like settlers heading into "town"

I tasted my first fresh Krispy Kreme today (what can I say, I’m the OG Country Mouse). It was a struggle, but I got it down eventually (actually, the remainder I picked up are calling to me now). More surprising than the donut hype around the legendary junk food was the coffee – hot, fresh and tasty – and the fact the retro 50s squeaky-kleen donut factory ambience actually worked on me. I felt pleased and comforted and totally forgot I was sitting in the middle of a square mile of strip-mall concrete in Puyallup.

My fabric trip with my mom (and Nels) was bookended by watching my parents fight about their severely damaged roof, a post-storm saga that does not seem to be winding down to a close (yesterday they had another contractor quit on them). The fighting was kind of surprising because growing up my parents “rarely” fought and somehow the legacy was they “didn’t” fight. Today there was yelling and cussing and later a cell-phone apology (delivered by my mother who, distracted and sad she’d yelled at my dad, pulled over on our way out of Aberdeen in order to call) and then when we got back, a wind-up, more yelling, tears, and stomping. “It’s not my fault,” my father reminds my mother as he angrily saddles up to drive to the roofer’s offices. She doesn’t quite apologize again, still angry about the stream of contractors she’s alienated, anxious to stop the deterioration of her home (the tarping fix fell apart and water damage has started to hurt the insides of the house), and mad that my father isn’t taking care of it in the way she feels he should.

My son and I witness these words. I feel badly for my parents. I am sad they are struggling and fighting over these things while my dad is so sick. I am sad that my parents, who used to enjoy household projects together in their mutual interest and good health, now have a total pain-in-the-ass problem that’s costing money, taking time, and making my mom crazy which results in her picking on my dad. My dad is so thin he has those crazy old man legs they can cross at the upper thigh. Yet despite this, despite a near-skeletal frame (he’s lost an inch to his height, did I tell you that?) and his tests and poisons he still remains my father, the same. I am not all that sorry for him in the sense I think he can still handle life’s complexities. But I am sorry that my mom has this household burden at the same time she’s facing the poor health of her mate. Oddly, or perhaps you understand, it’s exactly experiences like today that make me glad I moved here to be witness, to help if I can, and to participate in their lives through good or ill.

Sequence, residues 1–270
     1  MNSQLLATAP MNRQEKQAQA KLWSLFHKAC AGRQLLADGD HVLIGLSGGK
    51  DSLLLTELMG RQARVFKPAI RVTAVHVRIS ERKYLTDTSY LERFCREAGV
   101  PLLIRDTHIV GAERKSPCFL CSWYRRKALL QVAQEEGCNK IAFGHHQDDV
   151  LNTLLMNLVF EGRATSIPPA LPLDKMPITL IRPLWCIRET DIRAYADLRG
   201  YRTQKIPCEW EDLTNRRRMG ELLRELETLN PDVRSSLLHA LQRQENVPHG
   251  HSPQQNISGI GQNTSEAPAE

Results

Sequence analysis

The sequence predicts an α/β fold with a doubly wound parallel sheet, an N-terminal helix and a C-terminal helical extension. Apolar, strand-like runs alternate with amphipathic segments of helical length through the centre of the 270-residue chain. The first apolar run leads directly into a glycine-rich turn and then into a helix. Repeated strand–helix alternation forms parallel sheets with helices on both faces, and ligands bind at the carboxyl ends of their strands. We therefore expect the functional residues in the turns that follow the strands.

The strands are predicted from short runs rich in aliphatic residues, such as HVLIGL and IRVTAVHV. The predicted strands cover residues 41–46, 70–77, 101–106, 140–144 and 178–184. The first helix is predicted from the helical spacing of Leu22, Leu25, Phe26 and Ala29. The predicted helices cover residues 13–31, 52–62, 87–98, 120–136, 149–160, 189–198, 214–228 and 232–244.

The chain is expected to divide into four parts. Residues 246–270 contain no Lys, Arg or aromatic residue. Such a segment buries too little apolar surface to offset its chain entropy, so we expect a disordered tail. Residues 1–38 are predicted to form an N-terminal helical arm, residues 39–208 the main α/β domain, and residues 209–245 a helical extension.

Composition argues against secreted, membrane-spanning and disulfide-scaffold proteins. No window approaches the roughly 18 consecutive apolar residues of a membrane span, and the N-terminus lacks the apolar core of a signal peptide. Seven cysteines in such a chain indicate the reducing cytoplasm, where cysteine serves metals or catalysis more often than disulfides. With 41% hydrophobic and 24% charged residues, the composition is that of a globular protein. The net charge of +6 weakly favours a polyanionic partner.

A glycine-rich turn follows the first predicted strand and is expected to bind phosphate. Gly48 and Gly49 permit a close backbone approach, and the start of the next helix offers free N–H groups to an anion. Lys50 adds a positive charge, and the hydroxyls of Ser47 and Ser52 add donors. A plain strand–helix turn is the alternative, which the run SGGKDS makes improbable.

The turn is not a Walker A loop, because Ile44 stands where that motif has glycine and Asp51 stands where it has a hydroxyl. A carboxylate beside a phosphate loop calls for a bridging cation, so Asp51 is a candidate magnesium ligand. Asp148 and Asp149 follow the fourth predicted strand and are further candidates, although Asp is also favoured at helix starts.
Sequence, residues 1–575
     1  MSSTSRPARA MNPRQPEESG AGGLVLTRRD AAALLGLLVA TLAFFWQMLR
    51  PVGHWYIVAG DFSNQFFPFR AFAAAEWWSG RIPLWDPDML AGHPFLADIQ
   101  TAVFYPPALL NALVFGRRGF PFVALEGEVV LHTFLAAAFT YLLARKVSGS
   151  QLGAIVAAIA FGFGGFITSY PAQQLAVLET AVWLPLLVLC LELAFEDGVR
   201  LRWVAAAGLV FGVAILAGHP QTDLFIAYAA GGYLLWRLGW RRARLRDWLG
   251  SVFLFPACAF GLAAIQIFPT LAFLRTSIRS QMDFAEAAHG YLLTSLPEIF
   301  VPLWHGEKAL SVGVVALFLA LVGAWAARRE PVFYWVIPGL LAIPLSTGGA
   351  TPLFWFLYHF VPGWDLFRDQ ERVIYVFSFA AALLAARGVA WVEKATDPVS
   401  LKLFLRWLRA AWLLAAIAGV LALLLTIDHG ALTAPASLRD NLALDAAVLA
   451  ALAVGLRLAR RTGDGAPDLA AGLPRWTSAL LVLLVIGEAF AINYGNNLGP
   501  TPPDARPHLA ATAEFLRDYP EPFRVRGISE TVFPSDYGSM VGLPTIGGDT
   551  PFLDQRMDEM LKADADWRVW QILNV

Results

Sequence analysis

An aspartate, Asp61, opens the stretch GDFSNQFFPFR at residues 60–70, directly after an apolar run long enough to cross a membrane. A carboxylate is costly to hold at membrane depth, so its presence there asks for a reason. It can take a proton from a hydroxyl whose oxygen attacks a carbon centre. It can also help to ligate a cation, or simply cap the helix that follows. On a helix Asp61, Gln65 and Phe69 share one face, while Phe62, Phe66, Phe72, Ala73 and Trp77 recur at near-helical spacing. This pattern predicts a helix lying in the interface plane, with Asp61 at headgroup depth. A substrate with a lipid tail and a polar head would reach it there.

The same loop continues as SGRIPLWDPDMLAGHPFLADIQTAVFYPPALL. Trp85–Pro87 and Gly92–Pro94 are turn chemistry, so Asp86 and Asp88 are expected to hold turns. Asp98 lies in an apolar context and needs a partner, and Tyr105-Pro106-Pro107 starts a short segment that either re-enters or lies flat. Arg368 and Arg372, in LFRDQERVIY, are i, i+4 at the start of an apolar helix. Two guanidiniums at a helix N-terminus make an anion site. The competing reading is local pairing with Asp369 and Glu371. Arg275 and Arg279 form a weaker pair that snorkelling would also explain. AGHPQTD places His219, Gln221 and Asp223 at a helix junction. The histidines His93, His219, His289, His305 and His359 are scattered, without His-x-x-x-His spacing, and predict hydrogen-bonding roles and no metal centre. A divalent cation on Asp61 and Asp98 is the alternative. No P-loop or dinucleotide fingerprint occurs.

The fabric store itself was great. Mom and I stuck to our small lists (I did not select an underlining for my brother’s coat yet; the addition of my four year old to the shopping experience caused us to cut things a bit short) and found things in short order. I felt joy at the fabrics I saw, more types that I could have pictured, and I did not find myself longing for fabrics I can’t have. This is a good thing. I saw dual-colored zippers and plush fake fur and lovely wools and found four color combinations of the rare-ish bonded sherpa / minkee fleece I’d sought for my baby slipper project. I also was cheered to discover their minimum yardage cut is 1″. It just seemed so sweet and accommodating on their part.

It’s funny to visit “the city” and suddenly realize I could find socks for Sophie, or face wash, or exactly the restaurant food I crave, or the perfect color of sheets, or a tiny teapot from an Asian grocer or whatever. I get so used to being in a small town where your spontaneous creativity is hampered by what you can lay hands on (which does make the occasional inspired find all the more exciting). In cases like today, a list is the way to go. Otherwise I just feel an envious sense of overwhelm.

And now, I have a bootleg copy of Sweeney Todd to finish. I think I’m going to get on that.

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